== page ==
Over the years in countless bike shops, I’ve heard the following disturbing phrases uttered to cyclists: “Get these cleats. You don’t have anything to worry about.” “These cleats have float you won’t need a bike fit.” “Get these cleats with float and they’ll take care of everything.” Unfortunately, phrases and versions of these sometimes false reassuring comments are shared in not only bike shops but in forums, local rides and social media groups. Consequently, it’s time to set the record straight and dive deep into the cleat adjustment handbook. Today we’re going to tackle the following:
Define cleat rotation and float
Review popular cleat float types and limits
Overview why both are needed and some suggestions
SPOILER ALERT: Below is the 5-minute version of the entire article! If you’re more the visual type, this is your jam.
What is Cleat Rotation?
Cleat rotation is the physical movement of the cleat either clockwise or counter-clockwise to allow the foot to rotate in alignment with its natural orientation. Basically, allow the foot to point in the direction it would like to point. Generally speaking, the rotation of the cleat is similar on and off the bike. For many professional bike fitters, an off-the-bike assessment can provide an indication of the rotation required. For example, if you naturally walk with your toes out, you’ll likely require a similar setup on the bike.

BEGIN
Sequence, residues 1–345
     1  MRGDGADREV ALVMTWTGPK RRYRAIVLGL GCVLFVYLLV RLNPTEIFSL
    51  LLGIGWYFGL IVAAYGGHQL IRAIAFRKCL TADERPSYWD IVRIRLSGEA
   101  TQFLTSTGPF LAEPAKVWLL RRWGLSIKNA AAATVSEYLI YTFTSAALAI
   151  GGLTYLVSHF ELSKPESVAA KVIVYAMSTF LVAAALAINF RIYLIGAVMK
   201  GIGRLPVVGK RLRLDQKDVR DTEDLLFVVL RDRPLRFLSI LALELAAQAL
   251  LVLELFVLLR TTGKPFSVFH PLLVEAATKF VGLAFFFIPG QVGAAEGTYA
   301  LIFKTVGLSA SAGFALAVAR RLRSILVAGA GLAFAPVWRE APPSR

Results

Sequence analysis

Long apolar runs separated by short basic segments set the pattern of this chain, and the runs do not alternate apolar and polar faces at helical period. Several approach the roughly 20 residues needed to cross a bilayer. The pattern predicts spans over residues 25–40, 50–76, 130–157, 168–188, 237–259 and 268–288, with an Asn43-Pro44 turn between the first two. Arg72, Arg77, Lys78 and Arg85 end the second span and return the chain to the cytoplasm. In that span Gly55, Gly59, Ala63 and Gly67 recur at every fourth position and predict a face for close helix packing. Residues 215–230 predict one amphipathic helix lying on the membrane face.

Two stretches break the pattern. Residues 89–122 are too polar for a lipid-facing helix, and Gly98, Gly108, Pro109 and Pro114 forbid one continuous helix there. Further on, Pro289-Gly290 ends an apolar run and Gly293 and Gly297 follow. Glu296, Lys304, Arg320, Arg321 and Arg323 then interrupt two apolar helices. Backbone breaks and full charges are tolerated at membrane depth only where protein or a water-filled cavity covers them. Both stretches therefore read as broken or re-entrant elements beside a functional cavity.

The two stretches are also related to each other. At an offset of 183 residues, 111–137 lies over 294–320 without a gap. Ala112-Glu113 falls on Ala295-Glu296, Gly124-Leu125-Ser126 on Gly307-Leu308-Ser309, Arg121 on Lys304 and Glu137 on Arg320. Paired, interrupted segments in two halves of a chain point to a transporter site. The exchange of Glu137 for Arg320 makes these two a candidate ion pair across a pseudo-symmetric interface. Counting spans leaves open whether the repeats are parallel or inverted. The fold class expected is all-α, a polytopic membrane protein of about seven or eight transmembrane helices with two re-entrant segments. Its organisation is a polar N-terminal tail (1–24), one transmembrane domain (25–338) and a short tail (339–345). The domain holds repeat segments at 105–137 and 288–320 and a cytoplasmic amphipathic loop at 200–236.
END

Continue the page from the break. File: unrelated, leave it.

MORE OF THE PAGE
For 3-hole cleat users of Look or Shimano road, if you have a “toe-out” natural gait, your setup will look similar to this photo below (bottom-right).
Photo left: cleat setup without rotation. Photo Right: cleats rotated for toe-out setup.